Getting back to Plett’s personal portfolio, it’s common to find an commingling of innocent and monstrous images splayed upon the canvas, wood, board, or screen of the artist’s choosing. If you were to take a look at any of Plett’s “works in progress” posts, you’d find that a fair amount of the images go from quietly serene and beautiful to morbid and gruesome, almost as of the natural transition demanded it. In fact, the initial drafts and their finished counterparts are often so close in appearance that any small modification can easily be dismissed. Upon closer inspection, though, the finer details pop up and give credence to the chills the viewer may have experienced but just couldn’t explain away.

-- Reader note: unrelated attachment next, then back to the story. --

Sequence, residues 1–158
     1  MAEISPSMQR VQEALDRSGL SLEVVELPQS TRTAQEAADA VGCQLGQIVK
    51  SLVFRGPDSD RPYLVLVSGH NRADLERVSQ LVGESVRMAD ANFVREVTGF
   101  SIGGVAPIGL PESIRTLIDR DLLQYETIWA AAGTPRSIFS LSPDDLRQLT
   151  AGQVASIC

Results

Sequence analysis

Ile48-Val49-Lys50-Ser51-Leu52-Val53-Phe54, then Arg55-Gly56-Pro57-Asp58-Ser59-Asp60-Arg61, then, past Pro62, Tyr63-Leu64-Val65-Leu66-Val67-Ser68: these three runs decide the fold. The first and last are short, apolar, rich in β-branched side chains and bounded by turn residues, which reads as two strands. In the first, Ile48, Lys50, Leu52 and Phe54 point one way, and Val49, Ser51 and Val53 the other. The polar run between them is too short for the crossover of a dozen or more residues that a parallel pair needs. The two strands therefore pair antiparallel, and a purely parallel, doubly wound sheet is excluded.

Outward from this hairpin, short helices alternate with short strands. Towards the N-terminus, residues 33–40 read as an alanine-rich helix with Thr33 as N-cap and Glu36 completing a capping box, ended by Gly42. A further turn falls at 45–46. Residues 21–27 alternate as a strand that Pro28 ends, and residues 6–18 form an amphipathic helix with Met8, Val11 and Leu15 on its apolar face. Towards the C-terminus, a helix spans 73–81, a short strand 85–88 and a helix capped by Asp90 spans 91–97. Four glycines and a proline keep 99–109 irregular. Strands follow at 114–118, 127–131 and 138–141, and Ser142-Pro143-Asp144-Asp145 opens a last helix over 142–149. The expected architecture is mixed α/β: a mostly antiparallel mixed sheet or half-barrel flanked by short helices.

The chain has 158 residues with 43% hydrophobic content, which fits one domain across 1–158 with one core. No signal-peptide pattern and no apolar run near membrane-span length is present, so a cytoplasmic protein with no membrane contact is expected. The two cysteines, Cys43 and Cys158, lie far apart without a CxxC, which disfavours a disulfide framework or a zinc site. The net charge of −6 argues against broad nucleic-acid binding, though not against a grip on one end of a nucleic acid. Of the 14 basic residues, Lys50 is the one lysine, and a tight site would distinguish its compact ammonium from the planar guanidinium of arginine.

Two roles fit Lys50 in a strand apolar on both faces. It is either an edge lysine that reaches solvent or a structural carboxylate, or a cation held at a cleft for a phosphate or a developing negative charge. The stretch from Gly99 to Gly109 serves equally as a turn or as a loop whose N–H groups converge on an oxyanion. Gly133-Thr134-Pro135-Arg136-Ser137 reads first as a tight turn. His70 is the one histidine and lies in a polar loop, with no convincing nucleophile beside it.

My Monster

Plett is a perfect example of the immense grip with which women hold this genre up. Her ability to captivate the viewer and tell an entire story with images is a powerful tool that this genre could not do without. Joining Plett’s pieces with the stories found in UTJT is a sort of wish fulfillment for me. Growing up reading things like Scary Stories to Tell in the Dark and similar books dedicated to kids like me who dug things darker in fiction, it was disappointing to reach teenage and adulthood and find that feeling drained from horror fiction. Plett and UTJT have resurrected that feeling for me, and will most assuredly bring about the resurgence good quality dark literature to the youth of the genre.

Creative Monster